Three weeks ago, in previewing the weekend's action in the English Premier League, I discussed five fallen idols we want to see turn their careers around. Since we know coincidence is just a fancy way of saying causation (Editor's note: It's not), I'm going to take credit for three players from that list finally making an impact. Seeing as the other two have been injured - unable to fulfill the destiny I've made inevitable - I assume it's only a matter of time until Kolo Touré and Robbie Keane are again forces in the Premier League.
In the interim, we've seen upticks from Matthew Upson, Joe Cole, and Steven Gerrard. Thanks to an improved Hammers defense, in which Upson mans the center, West Ham is undefeated in four, having allowed only three goals, climbing out of the drop. Joe Cole has returned from injury, recording a goal on Saturday that may best be explained by my list cosmically eliminating the offside rule, while Steven Gerrard, just days after a disappointing performance in Liverpool's loss to Wolves, supplied two gorgeous passes in crafting the Reds' goals.
But that trio's resurgence wasn't the only thing to love from England's football weekend. In fact, those stories weren't even the league's greatest awakening given the league's biggest name ended an eight month scoring drought (of sorts). And that's where we start our list of things to love from this weekend's action: With the first match, the first goal, three minutes in.
You Won't Have Wayne Rooney To Kick Around Anymore: Gabriel Oberton to Patrice Evra to Wayne Rooney. It was the type of goal he couldn't help scoring last year, when league followers marveled at his new aerial prowess. On Saturday, the shot seemed to move in slow motion, giving us ages to ask "Is this really happening? Is Wayne Rooney really going to score a goal?" With each Scott Carson step seeming to cartoonishly slip beneath him, the West Brom `keeper lost his chance to stop the header from bouncing into the lower left corner. The drought was over. Rooney had scored from open play, eliminating the final reason people have for overlooking his strong, post-Portland form.
Makes Wayne's "The Other Goal" From The Hawthorns This Weekend: James Morrison was a golden god. At least, he was for a few moments in the first half, right-footing the rebound of a Nemanja Vidic header, swinging his leg compactly through and to the outside of the ball, blistering his shot to the far side of Tomas Kuszczak's net. Just like that, Brom was even. "Uh, what just happened?"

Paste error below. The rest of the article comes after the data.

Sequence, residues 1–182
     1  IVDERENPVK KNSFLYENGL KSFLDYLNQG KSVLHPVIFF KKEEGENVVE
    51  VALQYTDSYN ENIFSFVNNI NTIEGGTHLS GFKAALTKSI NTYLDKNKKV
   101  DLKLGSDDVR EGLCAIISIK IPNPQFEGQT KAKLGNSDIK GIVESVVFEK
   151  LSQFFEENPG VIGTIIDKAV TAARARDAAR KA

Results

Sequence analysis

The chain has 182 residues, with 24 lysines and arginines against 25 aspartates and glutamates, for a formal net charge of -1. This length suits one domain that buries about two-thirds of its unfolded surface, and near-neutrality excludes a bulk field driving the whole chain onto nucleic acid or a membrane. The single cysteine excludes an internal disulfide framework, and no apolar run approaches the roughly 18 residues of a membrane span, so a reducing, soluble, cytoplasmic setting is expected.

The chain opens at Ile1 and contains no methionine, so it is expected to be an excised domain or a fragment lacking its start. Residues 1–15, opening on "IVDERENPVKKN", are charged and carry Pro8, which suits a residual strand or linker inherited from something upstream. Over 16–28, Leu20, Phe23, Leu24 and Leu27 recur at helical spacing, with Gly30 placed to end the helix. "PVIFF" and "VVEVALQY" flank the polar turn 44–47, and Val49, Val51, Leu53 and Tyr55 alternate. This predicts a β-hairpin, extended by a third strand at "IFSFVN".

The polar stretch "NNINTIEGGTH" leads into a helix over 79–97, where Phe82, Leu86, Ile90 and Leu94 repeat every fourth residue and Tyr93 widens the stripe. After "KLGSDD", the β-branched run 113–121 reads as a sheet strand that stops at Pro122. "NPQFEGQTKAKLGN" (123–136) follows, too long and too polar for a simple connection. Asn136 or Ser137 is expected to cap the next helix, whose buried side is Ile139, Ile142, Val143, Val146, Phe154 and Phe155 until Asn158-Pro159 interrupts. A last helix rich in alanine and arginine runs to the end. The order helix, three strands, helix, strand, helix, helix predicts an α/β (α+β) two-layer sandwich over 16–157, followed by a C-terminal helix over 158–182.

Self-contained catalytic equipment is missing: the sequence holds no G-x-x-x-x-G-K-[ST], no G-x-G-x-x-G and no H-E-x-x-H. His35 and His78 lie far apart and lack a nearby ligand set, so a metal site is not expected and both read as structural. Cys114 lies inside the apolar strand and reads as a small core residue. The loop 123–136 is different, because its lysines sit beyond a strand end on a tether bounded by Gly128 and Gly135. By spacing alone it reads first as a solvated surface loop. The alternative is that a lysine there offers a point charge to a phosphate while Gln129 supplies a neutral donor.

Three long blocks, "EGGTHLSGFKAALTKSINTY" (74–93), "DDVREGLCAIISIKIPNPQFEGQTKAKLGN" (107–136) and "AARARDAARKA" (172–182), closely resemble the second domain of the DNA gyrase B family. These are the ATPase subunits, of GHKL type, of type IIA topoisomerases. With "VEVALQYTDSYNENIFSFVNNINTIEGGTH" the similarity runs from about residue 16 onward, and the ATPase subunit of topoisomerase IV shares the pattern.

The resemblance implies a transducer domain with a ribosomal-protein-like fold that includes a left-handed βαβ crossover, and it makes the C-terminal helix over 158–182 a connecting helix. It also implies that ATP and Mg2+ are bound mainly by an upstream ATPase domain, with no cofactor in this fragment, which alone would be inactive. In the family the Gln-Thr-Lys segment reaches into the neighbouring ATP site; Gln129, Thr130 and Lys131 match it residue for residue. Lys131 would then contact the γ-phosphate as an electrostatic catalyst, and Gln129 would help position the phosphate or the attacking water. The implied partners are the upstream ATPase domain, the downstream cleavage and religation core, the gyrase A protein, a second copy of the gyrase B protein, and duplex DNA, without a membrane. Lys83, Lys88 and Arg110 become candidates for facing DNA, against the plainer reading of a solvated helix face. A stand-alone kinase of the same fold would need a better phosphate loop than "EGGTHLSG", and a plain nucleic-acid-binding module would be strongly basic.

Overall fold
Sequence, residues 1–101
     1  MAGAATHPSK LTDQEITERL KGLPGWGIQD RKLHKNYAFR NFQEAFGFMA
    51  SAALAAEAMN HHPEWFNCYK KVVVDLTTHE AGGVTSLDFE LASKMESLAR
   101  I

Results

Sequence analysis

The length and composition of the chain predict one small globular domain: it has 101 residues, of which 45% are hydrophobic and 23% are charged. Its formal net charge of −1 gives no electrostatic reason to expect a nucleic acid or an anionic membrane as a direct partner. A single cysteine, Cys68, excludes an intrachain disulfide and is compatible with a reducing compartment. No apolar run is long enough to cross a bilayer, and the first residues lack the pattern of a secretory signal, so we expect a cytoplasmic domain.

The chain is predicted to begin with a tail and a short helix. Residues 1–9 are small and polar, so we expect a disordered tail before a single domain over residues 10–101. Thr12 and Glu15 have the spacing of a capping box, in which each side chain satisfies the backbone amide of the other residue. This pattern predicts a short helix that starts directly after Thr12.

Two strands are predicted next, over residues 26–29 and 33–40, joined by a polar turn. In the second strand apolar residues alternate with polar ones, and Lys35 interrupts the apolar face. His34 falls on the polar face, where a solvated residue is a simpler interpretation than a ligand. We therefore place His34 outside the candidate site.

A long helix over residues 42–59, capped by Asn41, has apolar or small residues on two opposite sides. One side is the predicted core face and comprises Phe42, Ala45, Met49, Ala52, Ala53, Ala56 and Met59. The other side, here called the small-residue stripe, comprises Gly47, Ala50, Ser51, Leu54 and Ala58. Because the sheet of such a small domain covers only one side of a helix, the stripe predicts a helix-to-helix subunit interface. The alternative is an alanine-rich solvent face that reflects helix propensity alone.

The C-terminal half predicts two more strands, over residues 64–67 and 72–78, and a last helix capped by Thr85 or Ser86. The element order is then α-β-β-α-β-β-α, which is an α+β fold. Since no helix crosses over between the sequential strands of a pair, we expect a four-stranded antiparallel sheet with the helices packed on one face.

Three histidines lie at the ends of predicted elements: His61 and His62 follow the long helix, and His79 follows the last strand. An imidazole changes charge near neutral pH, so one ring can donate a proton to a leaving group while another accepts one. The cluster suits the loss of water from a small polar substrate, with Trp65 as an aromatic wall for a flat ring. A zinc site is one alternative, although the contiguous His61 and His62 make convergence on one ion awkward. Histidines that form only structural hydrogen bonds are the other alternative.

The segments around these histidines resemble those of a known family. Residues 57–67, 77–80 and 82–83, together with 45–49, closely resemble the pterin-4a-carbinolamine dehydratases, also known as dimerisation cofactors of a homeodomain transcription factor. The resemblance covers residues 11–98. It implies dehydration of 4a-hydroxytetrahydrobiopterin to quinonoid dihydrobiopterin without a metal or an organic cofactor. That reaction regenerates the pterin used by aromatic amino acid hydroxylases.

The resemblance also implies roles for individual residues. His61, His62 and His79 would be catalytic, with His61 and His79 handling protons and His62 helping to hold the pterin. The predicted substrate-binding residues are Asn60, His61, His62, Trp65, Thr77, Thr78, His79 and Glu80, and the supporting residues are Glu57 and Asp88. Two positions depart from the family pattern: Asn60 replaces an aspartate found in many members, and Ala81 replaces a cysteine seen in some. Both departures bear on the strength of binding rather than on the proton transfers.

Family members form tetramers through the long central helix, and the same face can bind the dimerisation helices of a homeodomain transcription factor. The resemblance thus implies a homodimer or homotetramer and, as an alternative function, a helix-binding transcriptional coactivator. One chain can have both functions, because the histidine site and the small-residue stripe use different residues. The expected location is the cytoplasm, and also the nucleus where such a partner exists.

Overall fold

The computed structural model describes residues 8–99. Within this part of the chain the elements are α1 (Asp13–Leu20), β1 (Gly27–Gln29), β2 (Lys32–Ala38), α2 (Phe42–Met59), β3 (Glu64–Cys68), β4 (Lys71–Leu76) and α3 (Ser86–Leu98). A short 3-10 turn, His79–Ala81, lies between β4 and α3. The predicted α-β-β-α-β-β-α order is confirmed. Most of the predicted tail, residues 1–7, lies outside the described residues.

The goal probably won't be a coming out party for Morrison, with the Brom midfielder likely to fade back into relative obscurity, but it was certainly a coming-out ... informal, impromtu get together. Morrison has been great all season for Brom, picking up where Graham Dorrans has suddenly left off. Along with Chris Brunt, the 24-year-old Scot has provided the quality that's enabled Roberto Di Matteo to play expansive and (relatively) successful football.
You may be more familiar with the name Odemwingie because he was much balleyhooed. Or you might know Jerome Thomas from his huge day at The Emirates. But it's Morrison and Brunt that have made Brom tick, with Youssuf Mulumbu and Paul Scharner turning the gears. If Morrison's goal brings some attention to those parts, the blast will have value beyond it's tally on the scoresheet.
Let's Not Forget, Liverpool Scored A Damn Decent Goal: We moved away from Steven Gerrard too quickly, because Liverpool's first goal (and the role he played in it) was a more of a "sublime kind of beautiful" than Morrison's blistering highlight show fodder. The three passes that led to Liverpool's highlight deserve as much attention: a chip from Glen Johnson to the edge of the box; a ball chested down by David N'Gog to Steven Gerrard; Gerrard's first touch, a curling cross to the far post; Fernando Torres volleys Liverpool in front.